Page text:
Peter Houlihan flipped to the last page of his passport.
The past four years have given it a workout. After expeditions to Borneo, Madagascar, Malaysia, Vietnam, Cuba, French Guiana and beyond, its edges are frayed, the eagle embossed on the cover barely visible. In his last semester as a biology doctoral candidate at the University of Florida, he’s about to fill up the final page with a month-long trip to Panama, where he’ll finish his dissertation, open a photography exhibition and help a fellow National Geographic Explorer track jaguars and ocelots.
Although he’s logged the usual long hours on his research, you’re more likely to find Houlihan hanging from a tree than hanging out in the library.
Houlihan spends about ten months a year in the field, either studying ghost orchids for his dissertation, working with a conservation organization he started as an undergraduate at Johns Hopkins University, or leading expeditions for scientists and photographers.
It’s not the usual path, which is why Houlihan chose UF. He credits Tom Emmel, the founding director of the McGuire Center for Lepidoptera and Biodiversity at the Florida Museum of Natural History and president of the International Biodiversity Foundation, for encouraging him to continue his other pursuits along with his degree.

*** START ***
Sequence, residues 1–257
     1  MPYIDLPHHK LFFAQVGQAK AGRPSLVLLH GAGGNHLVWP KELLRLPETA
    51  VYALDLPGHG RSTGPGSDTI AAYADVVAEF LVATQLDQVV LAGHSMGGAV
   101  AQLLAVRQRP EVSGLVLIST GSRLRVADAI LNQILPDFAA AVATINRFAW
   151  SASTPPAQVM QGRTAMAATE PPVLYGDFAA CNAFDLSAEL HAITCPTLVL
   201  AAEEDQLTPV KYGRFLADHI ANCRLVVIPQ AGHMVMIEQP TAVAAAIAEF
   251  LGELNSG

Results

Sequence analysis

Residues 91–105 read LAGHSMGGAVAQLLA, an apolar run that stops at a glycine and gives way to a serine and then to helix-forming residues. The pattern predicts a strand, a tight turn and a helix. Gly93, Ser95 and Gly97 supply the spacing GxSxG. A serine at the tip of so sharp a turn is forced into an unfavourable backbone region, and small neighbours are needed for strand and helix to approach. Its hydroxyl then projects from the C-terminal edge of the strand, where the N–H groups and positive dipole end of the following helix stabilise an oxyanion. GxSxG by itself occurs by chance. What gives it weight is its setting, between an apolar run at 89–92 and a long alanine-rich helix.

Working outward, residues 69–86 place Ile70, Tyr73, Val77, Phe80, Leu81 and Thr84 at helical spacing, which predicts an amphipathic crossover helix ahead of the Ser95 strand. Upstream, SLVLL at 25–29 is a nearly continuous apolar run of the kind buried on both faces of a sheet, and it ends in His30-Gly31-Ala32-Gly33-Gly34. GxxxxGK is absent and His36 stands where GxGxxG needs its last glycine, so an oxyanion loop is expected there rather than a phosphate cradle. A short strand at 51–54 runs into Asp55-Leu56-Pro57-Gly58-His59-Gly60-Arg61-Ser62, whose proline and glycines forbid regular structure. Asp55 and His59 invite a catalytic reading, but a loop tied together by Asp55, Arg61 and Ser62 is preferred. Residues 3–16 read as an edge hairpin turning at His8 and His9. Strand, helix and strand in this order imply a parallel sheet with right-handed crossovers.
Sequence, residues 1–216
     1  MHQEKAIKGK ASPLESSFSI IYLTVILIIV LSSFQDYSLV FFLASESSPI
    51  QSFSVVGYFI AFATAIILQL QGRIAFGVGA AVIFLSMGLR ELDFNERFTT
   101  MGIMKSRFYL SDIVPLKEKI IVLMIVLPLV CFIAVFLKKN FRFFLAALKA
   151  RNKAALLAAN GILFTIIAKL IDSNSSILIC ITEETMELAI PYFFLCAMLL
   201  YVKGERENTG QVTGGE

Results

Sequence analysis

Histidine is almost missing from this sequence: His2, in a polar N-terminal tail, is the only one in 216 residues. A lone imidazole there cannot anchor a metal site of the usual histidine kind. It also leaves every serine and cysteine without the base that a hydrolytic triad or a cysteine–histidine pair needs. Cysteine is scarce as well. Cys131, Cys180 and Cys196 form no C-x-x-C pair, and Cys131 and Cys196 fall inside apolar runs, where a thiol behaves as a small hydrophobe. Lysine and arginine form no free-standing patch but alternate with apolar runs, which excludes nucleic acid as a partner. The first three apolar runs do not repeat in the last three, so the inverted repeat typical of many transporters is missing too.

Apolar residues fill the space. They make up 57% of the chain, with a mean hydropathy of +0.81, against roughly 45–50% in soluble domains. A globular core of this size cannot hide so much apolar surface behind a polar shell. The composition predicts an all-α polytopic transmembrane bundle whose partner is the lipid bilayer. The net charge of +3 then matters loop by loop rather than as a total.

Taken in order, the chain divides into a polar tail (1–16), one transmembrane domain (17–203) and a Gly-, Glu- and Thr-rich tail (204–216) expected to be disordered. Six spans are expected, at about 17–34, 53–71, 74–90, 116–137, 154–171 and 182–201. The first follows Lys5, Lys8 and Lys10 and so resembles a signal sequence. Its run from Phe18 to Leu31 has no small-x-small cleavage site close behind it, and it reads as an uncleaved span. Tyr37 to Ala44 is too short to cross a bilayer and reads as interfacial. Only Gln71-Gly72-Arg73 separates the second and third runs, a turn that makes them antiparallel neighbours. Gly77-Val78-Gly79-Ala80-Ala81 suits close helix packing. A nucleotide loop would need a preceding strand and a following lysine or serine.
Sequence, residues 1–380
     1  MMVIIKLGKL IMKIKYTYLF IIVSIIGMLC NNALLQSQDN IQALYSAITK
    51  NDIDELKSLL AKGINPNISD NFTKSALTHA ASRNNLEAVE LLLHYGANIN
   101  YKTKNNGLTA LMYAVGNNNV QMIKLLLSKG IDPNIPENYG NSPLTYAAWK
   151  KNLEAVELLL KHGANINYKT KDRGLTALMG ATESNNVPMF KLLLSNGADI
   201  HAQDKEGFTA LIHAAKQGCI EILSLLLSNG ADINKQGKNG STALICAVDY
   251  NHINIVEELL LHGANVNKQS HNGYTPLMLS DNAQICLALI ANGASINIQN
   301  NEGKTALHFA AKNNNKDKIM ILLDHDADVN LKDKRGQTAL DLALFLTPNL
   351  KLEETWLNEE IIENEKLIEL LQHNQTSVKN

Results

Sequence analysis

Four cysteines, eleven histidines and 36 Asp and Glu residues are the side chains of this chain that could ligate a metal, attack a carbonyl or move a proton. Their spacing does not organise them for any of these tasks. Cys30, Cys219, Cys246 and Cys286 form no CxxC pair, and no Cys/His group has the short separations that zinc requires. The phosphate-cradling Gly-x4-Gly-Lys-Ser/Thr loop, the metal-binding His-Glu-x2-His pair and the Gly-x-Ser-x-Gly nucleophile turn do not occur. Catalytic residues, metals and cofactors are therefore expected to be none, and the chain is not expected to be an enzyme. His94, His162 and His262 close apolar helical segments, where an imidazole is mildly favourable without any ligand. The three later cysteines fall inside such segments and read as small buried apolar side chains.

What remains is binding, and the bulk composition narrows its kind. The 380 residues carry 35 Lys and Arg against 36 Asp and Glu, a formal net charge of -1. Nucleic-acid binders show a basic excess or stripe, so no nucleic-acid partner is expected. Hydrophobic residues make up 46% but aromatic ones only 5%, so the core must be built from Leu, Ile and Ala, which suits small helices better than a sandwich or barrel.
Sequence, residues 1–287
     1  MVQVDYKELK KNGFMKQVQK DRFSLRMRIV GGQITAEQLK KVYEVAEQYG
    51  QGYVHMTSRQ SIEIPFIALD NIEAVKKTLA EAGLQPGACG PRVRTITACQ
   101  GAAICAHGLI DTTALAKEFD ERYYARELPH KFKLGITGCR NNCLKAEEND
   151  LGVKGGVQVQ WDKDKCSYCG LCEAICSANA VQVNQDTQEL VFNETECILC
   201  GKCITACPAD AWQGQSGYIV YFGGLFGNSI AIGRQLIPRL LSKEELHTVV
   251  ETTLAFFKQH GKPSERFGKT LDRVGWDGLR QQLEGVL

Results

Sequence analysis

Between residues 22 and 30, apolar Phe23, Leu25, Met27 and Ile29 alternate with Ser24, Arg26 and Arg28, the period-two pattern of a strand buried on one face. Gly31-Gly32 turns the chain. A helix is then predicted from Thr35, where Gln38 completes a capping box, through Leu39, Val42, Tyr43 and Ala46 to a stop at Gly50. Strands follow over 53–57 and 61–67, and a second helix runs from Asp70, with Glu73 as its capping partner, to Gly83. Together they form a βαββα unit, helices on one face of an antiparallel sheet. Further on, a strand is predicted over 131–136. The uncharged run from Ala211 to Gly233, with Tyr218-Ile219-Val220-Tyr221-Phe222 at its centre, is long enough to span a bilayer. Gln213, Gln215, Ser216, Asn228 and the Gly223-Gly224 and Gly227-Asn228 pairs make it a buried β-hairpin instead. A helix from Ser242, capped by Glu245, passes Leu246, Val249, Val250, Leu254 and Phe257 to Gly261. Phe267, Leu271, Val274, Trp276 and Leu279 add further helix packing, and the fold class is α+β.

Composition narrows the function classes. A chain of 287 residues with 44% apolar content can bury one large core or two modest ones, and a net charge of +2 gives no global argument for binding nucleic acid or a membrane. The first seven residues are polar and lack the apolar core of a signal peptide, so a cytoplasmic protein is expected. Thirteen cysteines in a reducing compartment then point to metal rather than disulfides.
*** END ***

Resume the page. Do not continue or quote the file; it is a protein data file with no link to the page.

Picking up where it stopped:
“I’ve always had an issue with these linear paths, the path that would have said, ‘Stop doing all the side projects you’re doing. You need to get your undergrad, do your masters, get your Ph.D., do a post doc and get an assistant professorship,’” Houlihan said. “There’s great value in people who encourage you to say no to that, and to take on experiences that ultimately make you a better scientist and person.”
Increasingly, those experiences focus on communicating science to non-scientists. Houlihan served as an advisor for the second season of the Gator-made Nat Geo WILD series “Untamed with Filipe DeAndrade.” He’s also part of a team documenting the remarkable biodiversity of the Panamanian island of Coíba, a former penal colony transformed into a national park.
“Part of the challenge is helping people to be concerned about the planet in a way that’s relevant to them,” he said. “There’s no time that’s ever been more important than now.”
What’s it like to be alone at night in a flooded forest? Listen to Peter Houlihan describe spotting panthers and avoiding alligators while studying ghost orchids in the Fakahatchee Strand.